Nearly a quarter million New Yorkers who for years dreaded "L-mageddon", a planned 15-month shutdown of a key subway tunnel between Manhattan and Brooklyn, got a last-minute reprieve Thursday with a new plan that will allow repairs The New York governor, Andrew Cuomo, made the surprise announcement just weeks after convening a panel of top engineering experts to take another look at the L train tunnel. East river to see if there was a way to fix flood damage from 201[ads1]2's Superstorm Sandy without doing as much demolition and disrupting so many lives. Turns out there was
"This was an outside-the-box, creative solution," said Cuomo, and Democrat, at a news conference announcing the new plan. He was flanked by engineering experts from Columbia and Cornell universities who created the proposal.
The announcement came after years of planning for the upheaval expected to be caused by the tunnel's closure, which was supposed to happen in April. Many Brooklynites had already started rearranging their lives for the expected "L-pocalypse", with some changing jobs or apartments to avoid the looming commuting.
The original plan, adopted by the Metropolitan Transportation Authority after lengthy public debate, had called for a complete shutdown of the L line for 15 months while workers repaired damage from Sandy, when salty, flooded seven miles (11km) of the tube.
The plan called for replacing old electrical equipment by removing a damaged concrete bench that lines the tunnel and encases power cables. The cables would then be replaced and the wall rebuilt, in a labor-intensive process.
The new plan calls for installing cables on racks along the inside of the tunnels, and leaving the old cables where they are. The old concrete bench wall would stay too, encased in a protective fiber reinforced polymer, where necessary, or patched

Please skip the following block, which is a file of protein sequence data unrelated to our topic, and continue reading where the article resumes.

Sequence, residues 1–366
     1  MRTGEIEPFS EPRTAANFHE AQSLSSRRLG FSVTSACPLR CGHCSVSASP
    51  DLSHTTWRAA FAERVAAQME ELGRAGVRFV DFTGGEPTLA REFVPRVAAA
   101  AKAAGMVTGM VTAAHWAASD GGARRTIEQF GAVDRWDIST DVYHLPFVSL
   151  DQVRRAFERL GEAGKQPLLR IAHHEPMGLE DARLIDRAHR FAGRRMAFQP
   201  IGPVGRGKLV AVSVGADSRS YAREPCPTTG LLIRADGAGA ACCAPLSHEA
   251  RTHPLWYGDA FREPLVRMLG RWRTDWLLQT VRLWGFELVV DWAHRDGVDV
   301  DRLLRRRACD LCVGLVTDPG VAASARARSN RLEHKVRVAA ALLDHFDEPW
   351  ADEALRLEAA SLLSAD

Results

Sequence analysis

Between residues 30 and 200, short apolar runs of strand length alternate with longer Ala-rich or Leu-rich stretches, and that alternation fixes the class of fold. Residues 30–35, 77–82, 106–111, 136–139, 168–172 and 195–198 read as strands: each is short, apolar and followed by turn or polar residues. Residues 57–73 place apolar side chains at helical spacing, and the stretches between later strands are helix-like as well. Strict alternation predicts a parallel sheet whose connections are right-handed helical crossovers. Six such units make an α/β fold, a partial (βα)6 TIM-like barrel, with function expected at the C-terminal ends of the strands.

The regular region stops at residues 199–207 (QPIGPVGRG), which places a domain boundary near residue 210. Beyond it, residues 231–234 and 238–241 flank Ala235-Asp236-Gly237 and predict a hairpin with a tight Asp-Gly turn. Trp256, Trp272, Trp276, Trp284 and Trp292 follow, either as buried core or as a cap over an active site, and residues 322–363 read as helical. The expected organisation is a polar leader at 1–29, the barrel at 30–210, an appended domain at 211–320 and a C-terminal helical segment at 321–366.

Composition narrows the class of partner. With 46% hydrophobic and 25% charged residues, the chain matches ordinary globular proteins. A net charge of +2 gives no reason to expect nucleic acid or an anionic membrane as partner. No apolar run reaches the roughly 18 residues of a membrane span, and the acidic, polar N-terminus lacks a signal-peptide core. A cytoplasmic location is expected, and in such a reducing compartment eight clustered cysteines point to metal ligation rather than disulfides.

Not having to take out and replace the old wall cuts down on cost and time, officials said.
Shanice Brown, who manages the Goorin Bros hat store in Williamsburg, which has been the hardest hit with the news.
depends on the L train to bring in customers and employees, said the change in plans was a big relief. Brown said she had been worried about what the shutdown would mean for business, and whether or not the MTA had proposed in terms of buses, ferries and other subway lines would have worked.
, "She said. “It was going to be very trial-and-error.”
Some are questioning, however, if the new plan is truly the best option. Pardon transit riders for being skeptical of last-minute Hail Mary's idea over Christmas is better than what the MTA came up with over three years of extensive public input, ”said John Raskin, executive director of the Riders Alliance, a transit advocacy group.
The L line is one of the city's most crowded, running through neighborhoods like Williamsburg and Bushwick that have become major draws for young people and the businesses that cater to them, such as restaurants and bars.